Steelers QB Ben Roethlisberger Envisions Fast, High-Scoring Offense In 2014

The Pittsburgh Steelers might only have six OTA practices underneath their belt, but quarterback Ben Roethlisberger already has a vision as to what he wants his offense to look like in 2014.

“For me, right now id like to say a fast, high scoring offense, because we have a lot of speed,” said Roethlisberger following Wednesday’s practice. “That’s running the ball, that’s throwing the ball. But whatever it is, I what us to be fast and I want us to put a lot of points on the board.”

Part of that speed that Roethlisberger wants in 2014 figures to come in the form of the no-huddle offense as he feels he showed last season just how effective it can be.

“It’s something that we’ve realized what we can be and what we did last year and where we were successful,” said Roethlisberger of the no-huddle. “We’ll use it more and I don’t want to call it our base offenses, but I think you’ll see more of it.”

Another element related to the Steelers being faster on offense in 2014 could come in the form of wide receiver/running back Dri Archer, who was the fastest player this year at the scouting combine.

“I think he’s a good player,” said Roethlisberger of the Steelers third-round draft pick out of Kent State. “I think he’s got a lot of potential. Yesterday we called him on a little glance route out of the backfield and he dropped it, so we got onto him a little bit. But today he bounced back and made some good plays and he’s a guy that we’ve got to get the ball in his hands a couple of times a game, because good things can happen.”

  • SG

    Depending on how this D goes, they may need tons of points fast.

  • Jason White

    In a perfect world the offense will start games fast and score a ton in the first half and into the 3rd quarter then with a huge lead the defense can pin its ears back and go get the quarterback while the offense pounds it with the Belldozer and Blount Force. (Assuming the defense can stop the run and win on 3rd down earlier in the game so it doesn’t become a two sided scoring fest.)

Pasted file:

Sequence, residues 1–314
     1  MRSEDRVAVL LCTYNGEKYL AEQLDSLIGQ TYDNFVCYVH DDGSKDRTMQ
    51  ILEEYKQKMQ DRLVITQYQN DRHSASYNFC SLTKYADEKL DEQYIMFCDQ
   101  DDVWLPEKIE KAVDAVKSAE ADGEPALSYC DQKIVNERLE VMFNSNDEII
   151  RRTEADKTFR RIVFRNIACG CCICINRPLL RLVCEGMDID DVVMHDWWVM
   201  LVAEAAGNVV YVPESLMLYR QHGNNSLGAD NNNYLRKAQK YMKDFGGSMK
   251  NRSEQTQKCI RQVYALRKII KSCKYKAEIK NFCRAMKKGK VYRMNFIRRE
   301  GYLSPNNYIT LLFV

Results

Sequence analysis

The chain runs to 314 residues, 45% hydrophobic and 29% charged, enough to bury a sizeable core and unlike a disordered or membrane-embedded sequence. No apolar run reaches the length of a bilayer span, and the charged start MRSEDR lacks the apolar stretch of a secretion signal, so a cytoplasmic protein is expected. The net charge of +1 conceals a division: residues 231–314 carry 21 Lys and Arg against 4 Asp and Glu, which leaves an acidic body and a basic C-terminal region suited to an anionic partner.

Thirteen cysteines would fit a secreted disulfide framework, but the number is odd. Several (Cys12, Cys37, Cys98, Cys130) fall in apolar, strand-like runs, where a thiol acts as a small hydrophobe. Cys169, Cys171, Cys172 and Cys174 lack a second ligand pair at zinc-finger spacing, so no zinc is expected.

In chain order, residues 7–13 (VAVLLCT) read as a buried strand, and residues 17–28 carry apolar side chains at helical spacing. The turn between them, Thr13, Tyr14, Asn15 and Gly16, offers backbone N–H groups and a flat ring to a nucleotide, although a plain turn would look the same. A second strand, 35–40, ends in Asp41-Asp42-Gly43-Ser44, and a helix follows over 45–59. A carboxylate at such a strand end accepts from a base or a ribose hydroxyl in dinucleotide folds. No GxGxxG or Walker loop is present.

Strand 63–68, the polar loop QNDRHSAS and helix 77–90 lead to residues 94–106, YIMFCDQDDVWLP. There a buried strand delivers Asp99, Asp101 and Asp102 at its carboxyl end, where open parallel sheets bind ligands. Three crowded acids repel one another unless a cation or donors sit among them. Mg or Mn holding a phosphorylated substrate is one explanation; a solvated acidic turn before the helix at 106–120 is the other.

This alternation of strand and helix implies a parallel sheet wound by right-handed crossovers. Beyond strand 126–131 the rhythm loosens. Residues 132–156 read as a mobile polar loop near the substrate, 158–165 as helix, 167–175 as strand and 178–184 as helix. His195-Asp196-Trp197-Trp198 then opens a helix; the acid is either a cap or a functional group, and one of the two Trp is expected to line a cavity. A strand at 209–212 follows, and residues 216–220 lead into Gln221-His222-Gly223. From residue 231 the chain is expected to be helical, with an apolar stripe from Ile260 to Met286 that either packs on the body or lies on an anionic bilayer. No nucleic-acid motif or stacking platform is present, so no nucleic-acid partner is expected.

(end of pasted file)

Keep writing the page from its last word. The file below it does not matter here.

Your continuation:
• Jason White

    I hope Ben is right so I can see what the Haley haters have to say. I’m sure they will be waving their Bruce Arians flags while claiming that Ben was running BA’s offense which is stupid man cause I remember that offense stalling quite a bit. Most Haley haters seem to believe that Ben has a Madden playbook with 400 Arians drawn up plays to choose from in his no huddle offense. The truth is Haley’s offense produces more than BA’s did in Pitttsburgh. Not to mention Ben is better protected in it. If Ben is right it will only further prove it. I’m glad Arians “retired”

  • cencalsteeler

    Ben…. I share your vision. In order to be successful, we have to average more points on offense to take some of the burden off of the D.

  • Eric MacLaurin

    My concern when I read that was if we are actually better off with our defense on the field most of the time.

    I worry that our defense is really tired at the end of the game and that the offense is better which means we have a better unit on the field most of the game if the offense plays slow.

    I love the idea of keeping the other defense from substitutions but other than that I prefer a nice slow pace. The bottom line that decides most games is mistakes and turnovers. You can’t play faster unless you accept more errors.

  • Brendon Glad

    I think having better versatility at the skill positions will help in the red-zone. They’ve never had trouble between the 20’s since Ben got there. But for several years we’ve had a lot of guys at WR who were pretty identical in size and quickness. And speed is a lesser factor in the red zone so Wallace’s advantage was less and less the closer we got to the endzone. So it felt like Wallace, AB, Sanders, and Cotchery were a little too similar for my tastes. The 2 draft picks, a healed Wheaton, and moore hopefully will make defenses have to think about a lot more plays to guard against. As in, burst draws, reverses, and corner fades. None of those have been productive options for awhile.

  • Josh Knepshield

    The D will be fine.

  • ApexSteel

    I’ll believe it when I see it. The offense always has that high scoring potential, but it’s too conservative.

  • cencalsteeler

    I share your concerns, but in the past we were always playing from behind. Playing from behind takes a toll on the D like you stated. Opposing offenses were ground and pounding us to death. If we can get the lead, our defensive schemes change (as does their O scheme), which in turn should keep them fresher than what we witnessed in the past. If Ben’s vision works, and we can establish the lead early, than it will be our turn in the second half to ground and pound and wear them down.

  • blackandgoldBullion